Better that they remember three than forget everything.
5. Create visual slides
Eliminate “clutter.” Steer away from bullet points in your presentations. Instead, rely on high quality photographs, graphics and images.
The average PowerPoint slide has 40 words, yet this is often much more then the brain can digest and retain.
Minimising the word count on each slide, relying on graphics and communicating the detail with the voiceover means the human brain will process and retain the info.
This technique is called “Picture Superiority” — information is more effectively recalled when text and images are combined.
6. Make numbers meaningful
Put big numbers into context, and make it relevant to your audience.
The bigger the number, the more important this is.
For example, when the U.S. government bailed out the economy to the tune of $700 billion, it was too huge a number for most people to comprehend.
Journalists tried to put it into context. One example in particular seemed to capture the attention of the press — $700 billion is like spending $1 million a day since the day Christ was born. Now that’s a big number!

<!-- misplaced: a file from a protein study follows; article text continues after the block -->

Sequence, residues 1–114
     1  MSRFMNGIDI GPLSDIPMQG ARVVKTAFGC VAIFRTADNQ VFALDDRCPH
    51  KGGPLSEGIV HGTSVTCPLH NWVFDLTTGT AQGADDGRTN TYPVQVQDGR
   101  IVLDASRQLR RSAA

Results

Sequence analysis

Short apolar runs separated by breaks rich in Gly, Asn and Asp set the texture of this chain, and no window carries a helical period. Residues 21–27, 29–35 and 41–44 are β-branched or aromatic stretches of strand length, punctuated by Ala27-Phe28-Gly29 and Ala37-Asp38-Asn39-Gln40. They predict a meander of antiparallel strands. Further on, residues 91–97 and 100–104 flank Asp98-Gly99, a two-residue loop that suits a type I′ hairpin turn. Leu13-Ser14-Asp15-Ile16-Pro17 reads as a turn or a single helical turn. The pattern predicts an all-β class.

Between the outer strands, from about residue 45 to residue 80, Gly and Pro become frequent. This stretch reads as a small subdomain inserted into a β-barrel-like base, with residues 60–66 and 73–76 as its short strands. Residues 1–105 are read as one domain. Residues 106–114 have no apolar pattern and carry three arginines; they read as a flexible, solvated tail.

7. Use zippy words
Use plain English in the voiceover script. Many businesses use words that are obtuse, vague or confusing, so why not use language that is simple?
Steer away from jargon that clouds many corporate presentations — terms like “best of breed” or “thought leadership.” Keep things clear, direct and memorable.
Creating a great presentation is much more then just throwing some words on the screen and using every transition in the software to move between slides.
Keep any graphics and text clean, uncluttered, and simple, and consider adding a PowerPoint voiceover to communicate the detail.
Here is an example of how bad slides can kill the greatest narrative.